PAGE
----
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Advisors Do More Than Help Pick Classes

Most students pop into their advisor’s office only when it’s time to select the next semester’s course load. But twice-yearly visits should be the minimum students meet with their advisors, as these professionals can help in many ways.

An advisor’s main priority is helping students select the proper classes that will enable them to complete their degree. But sometimes they’re stymied by students who are focused on checking boxes, or taking all of their required classes right way. Yet not every class needs to check a box, especially for students who haven’t yet selected a major. “If you’re undecided and all you take are required classes instead of sampling a few that you’re simply interested in, it will be harder to decide what your major will be,” says Ann Hintz, director of academic advisement. Advisors can be invaluable in this regard, helping students suss out what fields they might be interested in pursuing.

In addition to helping students select courses, advisors also discuss the goals students have for both their intended major and career, and can help ferret out useful opportunities for professional development and networking. They can also help students discern if, say, it’s best to work a few years before going on to grad school, or what to do if they’re struggling in their chosen major.

Advisors – all of whom are second-year, tenure-track professors – often act as guides as well. If students aren’t sure where to go to find certain information or services, their advisors can steer them to the appropriate place, be it financial aid or career and student support. “Advisors offer so much more than course registration,” says Hintz.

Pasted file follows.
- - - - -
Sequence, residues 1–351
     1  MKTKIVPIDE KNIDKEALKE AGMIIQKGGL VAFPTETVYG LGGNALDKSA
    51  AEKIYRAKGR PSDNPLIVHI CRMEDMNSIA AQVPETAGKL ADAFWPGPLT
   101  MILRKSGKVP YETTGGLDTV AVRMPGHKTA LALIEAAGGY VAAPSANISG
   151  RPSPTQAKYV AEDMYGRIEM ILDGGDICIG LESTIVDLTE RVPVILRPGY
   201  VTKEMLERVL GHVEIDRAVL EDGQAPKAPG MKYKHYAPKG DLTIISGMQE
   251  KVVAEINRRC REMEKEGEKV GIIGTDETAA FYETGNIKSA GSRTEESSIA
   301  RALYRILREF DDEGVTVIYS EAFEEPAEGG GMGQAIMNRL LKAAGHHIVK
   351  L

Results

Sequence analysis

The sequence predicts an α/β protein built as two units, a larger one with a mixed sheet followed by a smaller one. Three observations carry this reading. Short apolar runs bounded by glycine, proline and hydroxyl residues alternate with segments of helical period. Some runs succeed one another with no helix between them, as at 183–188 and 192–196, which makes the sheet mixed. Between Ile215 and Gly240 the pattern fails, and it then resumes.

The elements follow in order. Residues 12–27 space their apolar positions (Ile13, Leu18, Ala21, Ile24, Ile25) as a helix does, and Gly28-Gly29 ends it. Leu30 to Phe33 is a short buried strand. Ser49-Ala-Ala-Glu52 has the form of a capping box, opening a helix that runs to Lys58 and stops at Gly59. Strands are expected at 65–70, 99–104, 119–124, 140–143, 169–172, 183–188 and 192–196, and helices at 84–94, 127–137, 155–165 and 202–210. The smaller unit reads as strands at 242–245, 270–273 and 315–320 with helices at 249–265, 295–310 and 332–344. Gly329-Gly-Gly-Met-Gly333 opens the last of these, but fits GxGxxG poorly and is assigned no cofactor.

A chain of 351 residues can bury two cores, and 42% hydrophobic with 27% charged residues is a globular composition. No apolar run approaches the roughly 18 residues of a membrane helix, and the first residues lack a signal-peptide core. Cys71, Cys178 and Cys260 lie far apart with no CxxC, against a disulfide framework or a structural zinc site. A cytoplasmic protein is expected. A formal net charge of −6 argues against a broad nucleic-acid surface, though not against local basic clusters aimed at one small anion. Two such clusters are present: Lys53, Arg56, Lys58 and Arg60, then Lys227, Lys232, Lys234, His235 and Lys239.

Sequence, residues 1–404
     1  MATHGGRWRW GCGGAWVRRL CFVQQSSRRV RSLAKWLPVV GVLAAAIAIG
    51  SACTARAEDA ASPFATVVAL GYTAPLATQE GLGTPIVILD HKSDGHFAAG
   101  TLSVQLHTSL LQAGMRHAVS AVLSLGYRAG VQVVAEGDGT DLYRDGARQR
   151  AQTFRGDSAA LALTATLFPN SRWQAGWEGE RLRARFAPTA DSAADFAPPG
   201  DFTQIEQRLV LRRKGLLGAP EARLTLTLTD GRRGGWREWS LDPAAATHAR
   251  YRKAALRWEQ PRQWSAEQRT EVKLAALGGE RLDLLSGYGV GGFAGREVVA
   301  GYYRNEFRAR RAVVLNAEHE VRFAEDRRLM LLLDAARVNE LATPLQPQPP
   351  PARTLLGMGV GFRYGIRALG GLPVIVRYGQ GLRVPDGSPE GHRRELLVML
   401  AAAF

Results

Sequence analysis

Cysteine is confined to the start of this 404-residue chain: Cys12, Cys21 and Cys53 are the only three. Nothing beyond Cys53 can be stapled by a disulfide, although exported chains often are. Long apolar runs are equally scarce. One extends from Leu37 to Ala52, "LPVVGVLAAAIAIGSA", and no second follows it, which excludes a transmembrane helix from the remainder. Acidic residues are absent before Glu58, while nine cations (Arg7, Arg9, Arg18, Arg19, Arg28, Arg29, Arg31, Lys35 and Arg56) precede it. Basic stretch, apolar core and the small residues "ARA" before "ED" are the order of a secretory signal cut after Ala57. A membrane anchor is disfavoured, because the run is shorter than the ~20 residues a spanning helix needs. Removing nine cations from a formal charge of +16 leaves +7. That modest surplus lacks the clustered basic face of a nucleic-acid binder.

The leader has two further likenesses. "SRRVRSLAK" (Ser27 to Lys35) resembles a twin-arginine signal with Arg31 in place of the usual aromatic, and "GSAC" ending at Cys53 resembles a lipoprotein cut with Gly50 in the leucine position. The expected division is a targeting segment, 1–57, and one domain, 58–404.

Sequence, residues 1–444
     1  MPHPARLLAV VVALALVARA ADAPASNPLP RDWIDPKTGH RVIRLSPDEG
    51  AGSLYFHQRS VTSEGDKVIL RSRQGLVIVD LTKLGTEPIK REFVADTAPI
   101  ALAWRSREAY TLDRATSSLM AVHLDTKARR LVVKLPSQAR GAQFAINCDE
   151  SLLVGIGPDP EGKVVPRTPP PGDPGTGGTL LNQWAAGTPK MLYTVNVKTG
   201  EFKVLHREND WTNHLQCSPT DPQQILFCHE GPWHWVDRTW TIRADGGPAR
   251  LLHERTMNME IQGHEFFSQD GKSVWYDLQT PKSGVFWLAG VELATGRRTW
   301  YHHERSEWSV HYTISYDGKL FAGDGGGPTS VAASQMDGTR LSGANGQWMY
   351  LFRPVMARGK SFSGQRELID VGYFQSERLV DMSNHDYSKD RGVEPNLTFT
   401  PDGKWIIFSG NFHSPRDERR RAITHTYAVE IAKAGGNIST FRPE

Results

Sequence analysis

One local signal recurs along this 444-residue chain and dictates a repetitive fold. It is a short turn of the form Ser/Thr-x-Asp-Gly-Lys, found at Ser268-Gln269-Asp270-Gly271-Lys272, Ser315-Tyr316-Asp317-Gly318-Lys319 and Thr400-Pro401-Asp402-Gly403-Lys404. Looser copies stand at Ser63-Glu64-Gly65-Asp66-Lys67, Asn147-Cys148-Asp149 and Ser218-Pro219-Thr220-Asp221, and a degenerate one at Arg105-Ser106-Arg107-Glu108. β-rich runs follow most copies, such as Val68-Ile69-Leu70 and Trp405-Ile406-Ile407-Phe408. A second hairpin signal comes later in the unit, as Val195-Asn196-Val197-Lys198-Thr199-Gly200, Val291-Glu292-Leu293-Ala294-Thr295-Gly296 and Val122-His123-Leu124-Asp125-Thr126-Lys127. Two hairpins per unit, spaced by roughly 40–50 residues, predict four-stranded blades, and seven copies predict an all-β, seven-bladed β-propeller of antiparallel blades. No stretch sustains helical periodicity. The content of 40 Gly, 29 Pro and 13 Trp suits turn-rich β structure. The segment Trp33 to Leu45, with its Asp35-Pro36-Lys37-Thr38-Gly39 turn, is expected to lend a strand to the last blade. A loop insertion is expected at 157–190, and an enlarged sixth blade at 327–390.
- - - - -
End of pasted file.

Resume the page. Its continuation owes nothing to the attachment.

Indeed, it’s your student’s advisor who often is tapped to write letters of recommendation and serve as a job reference. But Hintz says if your student doesn’t have a strong relationship with her advisor, that becomes much more challenging. Which is why Hintz recommends students drop in on their advisor more often than simply the mandated twice yearly to register for classes. One to three times per semester is ideal, she says, noting some students’ advisors are professors they see frequently and know well. In those situations, fewer official meetings are fine.

One of the newer tools SNC has to help students plot out their college career is DegreeWorks, an electronic degree auditing system. Students can log into DegreeWorks from their Knightline account and instantly see their progression in terms of credits achieved and outstanding requirements. If they’re considering switching majors, the program will show them which of their credits are applicable to their new major and what courses are still needed. The program contains other interesting functions, such as a GPA calculator that lets students perform a variety of calculations, such as determining what their final GPA might be and what grades they’d need to achieve in the future in order to reach a specific GPA by graduation day.
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